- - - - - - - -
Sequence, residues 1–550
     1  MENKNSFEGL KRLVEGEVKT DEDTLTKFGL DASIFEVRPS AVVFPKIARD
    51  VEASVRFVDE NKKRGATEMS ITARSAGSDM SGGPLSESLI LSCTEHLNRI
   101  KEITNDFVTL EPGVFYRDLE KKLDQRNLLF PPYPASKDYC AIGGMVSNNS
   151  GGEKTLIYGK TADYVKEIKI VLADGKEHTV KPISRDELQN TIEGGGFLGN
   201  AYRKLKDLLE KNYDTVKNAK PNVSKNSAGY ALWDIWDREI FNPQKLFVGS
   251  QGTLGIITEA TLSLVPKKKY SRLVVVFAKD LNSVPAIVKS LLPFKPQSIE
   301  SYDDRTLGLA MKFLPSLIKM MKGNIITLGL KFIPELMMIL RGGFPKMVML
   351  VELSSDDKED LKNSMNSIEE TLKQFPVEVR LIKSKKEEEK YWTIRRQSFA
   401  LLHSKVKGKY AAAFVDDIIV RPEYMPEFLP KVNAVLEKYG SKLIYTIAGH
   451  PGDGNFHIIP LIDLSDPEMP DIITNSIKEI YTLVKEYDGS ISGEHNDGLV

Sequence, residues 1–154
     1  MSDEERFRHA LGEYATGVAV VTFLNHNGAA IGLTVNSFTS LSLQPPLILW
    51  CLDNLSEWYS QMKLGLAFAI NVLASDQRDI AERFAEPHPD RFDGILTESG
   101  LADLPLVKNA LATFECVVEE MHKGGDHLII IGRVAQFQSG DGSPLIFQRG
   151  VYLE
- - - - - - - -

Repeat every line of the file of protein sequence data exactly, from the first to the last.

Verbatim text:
Sequence, residues 1–550
     1  MENKNSFEGL KRLVEGEVKT DEDTLTKFGL DASIFEVRPS AVVFPKIARD
    51  VEASVRFVDE NKKRGATEMS ITARSAGSDM SGGPLSESLI LSCTEHLNRI
   101  KEITNDFVTL EPGVFYRDLE KKLDQRNLLF PPYPASKDYC AIGGMVSNNS
   151  GGEKTLIYGK TADYVKEIKI VLADGKEHTV KPISRDELQN TIEGGGFLGN
   201  AYRKLKDLLE KNYDTVKNAK PNVSKNSAGY ALWDIWDREI FNPQKLFVGS
   251  QGTLGIITEA TLSLVPKKKY SRLVVVFAKD LNSVPAIVKS LLPFKPQSIE
   301  SYDDRTLGLA MKFLPSLIKM MKGNIITLGL KFIPELMMIL RGGFPKMVML
   351  VELSSDDKED LKNSMNSIEE TLKQFPVEVR LIKSKKEEEK YWTIRRQSFA
   401  LLHSKVKGKY AAAFVDDIIV RPEYMPEFLP KVNAVLEKYG SKLIYTIAGH
   451  PGDGNFHIIP LIDLSDPEMP DIITNSIKEI YTLVKEYDGS ISGEHNDGLV

Sequence, residues 1–154
     1  MSDEERFRHA LGEYATGVAV VTFLNHNGAA IGLTVNSFTS LSLQPPLILW
    51  CLDNLSEWYS QMKLGLAFAI NVLASDQRDI AERFAEPHPD RFDGILTESG
   101  LADLPLVKNA LATFECVVEE MHKGGDHLII IGRVAQFQSG DGSPLIFQRG
   151  VYLE